Let us imagine that as a result of the “Great Separation” of the 16th and 17th centuries China, India, Brazil and Russia spearheaded world progress (including that in social development and engineering). What would the United States, Germany and Japan have been doing now for the sake of catch-up development (Japan, in fact, had to address precisely this sort of task in the Meiji era)? Had the United States, Germany and Britain been faced with the challenge of catching up with China and India, they would have needed a bank for financing everything that they actually built (in real history) during the Great Depression (roads), World War II, and the post-war conversion that followed (the way Japan after the war had to retool its industrial plants from building planes to manufacturing motor vehicles), and the years of European state capitalism (infrastructures).

Catch-up development countries have to concentrate resources on critically important goals and to improve public institutions. BRICS countries need very much the same, but they will have to accomplish that not over a period of 200 years since the beginning of the industrial revolution, but within 30-40 years, or possibly faster. Today’s relative peace on the globe and the absence of colonizers is an advantage. On the other hand, the interests of industrialized countries as regards resources, the rules of trade and access to the markets do not always coincide with BRICS interests.

Russia is in a special situation. The country has slightly exceeded the 1989 level of the GDP, but it still falls short of the amount of capital investments of those days and has lost many of its positions in the field of technologies. It has to simultaneously address a number of problems inherited from the planned economy days, to compensate for the losses of the 1990s (and mistakes of that period), try to catch up with the industrialized countries and at the same time try not to fall behind the social structures and technologies that begin to boom as levels of economic development even up.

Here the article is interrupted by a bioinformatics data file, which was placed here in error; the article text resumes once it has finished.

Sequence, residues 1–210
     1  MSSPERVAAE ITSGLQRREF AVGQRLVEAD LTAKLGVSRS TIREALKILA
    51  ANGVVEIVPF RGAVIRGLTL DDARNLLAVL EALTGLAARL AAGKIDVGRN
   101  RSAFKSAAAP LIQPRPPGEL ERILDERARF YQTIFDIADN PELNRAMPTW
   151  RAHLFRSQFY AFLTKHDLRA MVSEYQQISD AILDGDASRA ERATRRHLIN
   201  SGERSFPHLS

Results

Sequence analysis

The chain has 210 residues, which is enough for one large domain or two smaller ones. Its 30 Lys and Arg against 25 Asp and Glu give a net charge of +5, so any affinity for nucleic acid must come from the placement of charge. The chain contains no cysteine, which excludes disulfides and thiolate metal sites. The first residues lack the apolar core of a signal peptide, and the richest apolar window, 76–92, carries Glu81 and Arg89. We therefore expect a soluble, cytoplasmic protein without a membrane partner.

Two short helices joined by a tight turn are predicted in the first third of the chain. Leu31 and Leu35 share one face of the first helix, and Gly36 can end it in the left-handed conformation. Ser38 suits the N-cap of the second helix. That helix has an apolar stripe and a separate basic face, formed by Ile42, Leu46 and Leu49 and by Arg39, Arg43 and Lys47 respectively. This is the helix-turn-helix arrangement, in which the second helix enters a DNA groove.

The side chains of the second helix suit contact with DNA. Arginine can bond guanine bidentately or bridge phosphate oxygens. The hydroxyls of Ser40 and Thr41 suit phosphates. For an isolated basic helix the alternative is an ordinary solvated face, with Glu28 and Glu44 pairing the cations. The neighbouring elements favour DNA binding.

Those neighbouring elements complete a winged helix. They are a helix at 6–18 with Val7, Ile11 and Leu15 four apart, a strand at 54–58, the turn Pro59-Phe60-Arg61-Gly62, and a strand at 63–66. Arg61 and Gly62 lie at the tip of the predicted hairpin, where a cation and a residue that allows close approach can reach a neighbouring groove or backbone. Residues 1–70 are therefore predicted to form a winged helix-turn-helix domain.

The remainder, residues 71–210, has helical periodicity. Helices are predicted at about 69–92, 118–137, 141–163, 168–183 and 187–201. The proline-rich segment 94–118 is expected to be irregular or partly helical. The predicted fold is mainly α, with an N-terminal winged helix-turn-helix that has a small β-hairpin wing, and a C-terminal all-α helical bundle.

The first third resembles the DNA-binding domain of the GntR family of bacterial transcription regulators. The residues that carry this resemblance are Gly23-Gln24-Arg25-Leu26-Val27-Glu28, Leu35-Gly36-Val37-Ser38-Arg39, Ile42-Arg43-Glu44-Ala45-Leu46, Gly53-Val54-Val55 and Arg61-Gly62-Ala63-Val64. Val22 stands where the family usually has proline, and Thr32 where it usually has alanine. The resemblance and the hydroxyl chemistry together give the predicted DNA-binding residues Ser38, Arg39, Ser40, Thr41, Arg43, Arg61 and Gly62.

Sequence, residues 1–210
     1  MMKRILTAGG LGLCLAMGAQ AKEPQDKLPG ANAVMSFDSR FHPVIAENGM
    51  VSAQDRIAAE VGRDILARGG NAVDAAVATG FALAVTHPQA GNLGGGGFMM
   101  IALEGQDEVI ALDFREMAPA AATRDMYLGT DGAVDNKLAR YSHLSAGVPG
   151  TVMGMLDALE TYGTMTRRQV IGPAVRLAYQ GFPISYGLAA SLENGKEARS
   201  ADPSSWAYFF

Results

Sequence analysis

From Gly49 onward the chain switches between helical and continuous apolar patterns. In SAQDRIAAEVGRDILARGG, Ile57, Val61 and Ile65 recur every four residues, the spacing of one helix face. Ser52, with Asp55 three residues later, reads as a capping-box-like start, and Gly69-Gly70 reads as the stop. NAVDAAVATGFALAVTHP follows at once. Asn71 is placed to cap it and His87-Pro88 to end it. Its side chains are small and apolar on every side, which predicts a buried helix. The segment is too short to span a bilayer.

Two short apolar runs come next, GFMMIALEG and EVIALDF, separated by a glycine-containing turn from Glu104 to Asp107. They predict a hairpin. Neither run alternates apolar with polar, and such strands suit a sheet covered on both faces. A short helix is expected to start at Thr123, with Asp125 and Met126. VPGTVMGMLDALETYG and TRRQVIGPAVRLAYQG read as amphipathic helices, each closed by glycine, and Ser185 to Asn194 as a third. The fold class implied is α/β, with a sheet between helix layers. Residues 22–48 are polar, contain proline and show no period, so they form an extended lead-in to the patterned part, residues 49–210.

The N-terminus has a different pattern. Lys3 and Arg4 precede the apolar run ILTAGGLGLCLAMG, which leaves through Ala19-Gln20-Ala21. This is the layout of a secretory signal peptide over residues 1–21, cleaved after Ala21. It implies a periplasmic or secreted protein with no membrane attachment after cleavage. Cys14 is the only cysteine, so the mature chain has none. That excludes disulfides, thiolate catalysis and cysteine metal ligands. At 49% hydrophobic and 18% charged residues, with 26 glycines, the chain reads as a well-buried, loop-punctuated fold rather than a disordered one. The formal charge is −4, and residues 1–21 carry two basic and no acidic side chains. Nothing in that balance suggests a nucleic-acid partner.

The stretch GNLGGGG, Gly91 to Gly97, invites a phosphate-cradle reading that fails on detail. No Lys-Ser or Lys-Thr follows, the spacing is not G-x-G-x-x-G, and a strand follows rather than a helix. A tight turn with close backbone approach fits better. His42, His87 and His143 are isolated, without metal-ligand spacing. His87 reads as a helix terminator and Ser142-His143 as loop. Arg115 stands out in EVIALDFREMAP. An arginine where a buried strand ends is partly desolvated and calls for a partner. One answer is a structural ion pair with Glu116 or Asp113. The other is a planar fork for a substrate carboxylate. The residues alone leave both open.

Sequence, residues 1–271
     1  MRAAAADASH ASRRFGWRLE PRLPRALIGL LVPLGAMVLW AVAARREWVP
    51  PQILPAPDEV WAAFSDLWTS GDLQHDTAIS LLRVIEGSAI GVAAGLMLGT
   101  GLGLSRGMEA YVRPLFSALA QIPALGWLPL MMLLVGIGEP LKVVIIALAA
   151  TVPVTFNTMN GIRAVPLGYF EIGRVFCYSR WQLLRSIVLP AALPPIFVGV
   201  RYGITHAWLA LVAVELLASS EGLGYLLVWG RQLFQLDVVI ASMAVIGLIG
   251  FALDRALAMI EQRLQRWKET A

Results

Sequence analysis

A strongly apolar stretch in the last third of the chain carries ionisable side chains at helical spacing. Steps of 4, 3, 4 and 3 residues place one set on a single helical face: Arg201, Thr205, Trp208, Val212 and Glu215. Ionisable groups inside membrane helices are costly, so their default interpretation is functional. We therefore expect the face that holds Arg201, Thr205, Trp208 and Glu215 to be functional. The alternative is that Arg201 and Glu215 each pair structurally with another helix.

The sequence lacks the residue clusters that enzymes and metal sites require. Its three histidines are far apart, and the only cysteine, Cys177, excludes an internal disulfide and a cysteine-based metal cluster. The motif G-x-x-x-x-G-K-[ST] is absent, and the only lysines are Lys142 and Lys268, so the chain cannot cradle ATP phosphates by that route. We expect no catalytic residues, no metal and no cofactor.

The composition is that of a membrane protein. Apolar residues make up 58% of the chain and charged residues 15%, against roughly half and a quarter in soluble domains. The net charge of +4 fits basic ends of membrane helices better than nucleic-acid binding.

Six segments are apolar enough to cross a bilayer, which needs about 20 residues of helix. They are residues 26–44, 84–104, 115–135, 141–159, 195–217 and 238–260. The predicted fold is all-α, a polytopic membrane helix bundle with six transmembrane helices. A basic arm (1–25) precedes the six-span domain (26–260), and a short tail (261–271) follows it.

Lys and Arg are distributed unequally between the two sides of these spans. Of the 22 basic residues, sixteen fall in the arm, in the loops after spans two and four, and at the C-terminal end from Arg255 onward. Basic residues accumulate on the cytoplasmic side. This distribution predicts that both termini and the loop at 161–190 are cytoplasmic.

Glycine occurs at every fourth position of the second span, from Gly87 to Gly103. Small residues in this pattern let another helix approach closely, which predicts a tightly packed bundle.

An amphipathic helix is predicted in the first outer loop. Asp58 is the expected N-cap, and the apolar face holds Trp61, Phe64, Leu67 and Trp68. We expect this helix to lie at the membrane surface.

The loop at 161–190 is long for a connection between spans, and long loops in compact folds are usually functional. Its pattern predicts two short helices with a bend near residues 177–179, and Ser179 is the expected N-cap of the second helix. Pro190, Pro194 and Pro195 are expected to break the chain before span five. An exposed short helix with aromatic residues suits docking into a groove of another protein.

Naturally, it was not the 2001 Goldman Sachs paper that fermented the development of BRIC in 2005-2008, but the current political interests in the world, dominated by industrialized countries, and the international institutions and rules of the game these had established. Four BRIC states have a huge combined population (3.2 billion of the 7-billion world population) and represent two oldest civilizations in the world, one of the most important world civilizations (Russia), and the strengthening civilization of modern times. Over two decades the four growing powers and one in the process of recovery (Russia) were able to see for themselves that growing weight by no means earned them greater role in world governance.

All of them are dissatisfied with their actual position in the economic and political architecture of the modern world. In the early days of BRICS the member-countries already shared many views and agreed on a number of principles of the modern world order, including opposition to hegemony, respect for the interests of all participants and support for a multi-polar world. Excessive rigidity and inertia of the well-established developed world, the domination of “end of history” theories and the prevalence of radical neo-liberalism (in theory and in practice) caused a natural reaction. The four countries mapped out joint actions for changing the world economic order, the security situation and the political configuration. When South Africa, faced with a very similar set of problems, joined the four largest countries of Eurasia and Latin America, coordination was switched into high gear.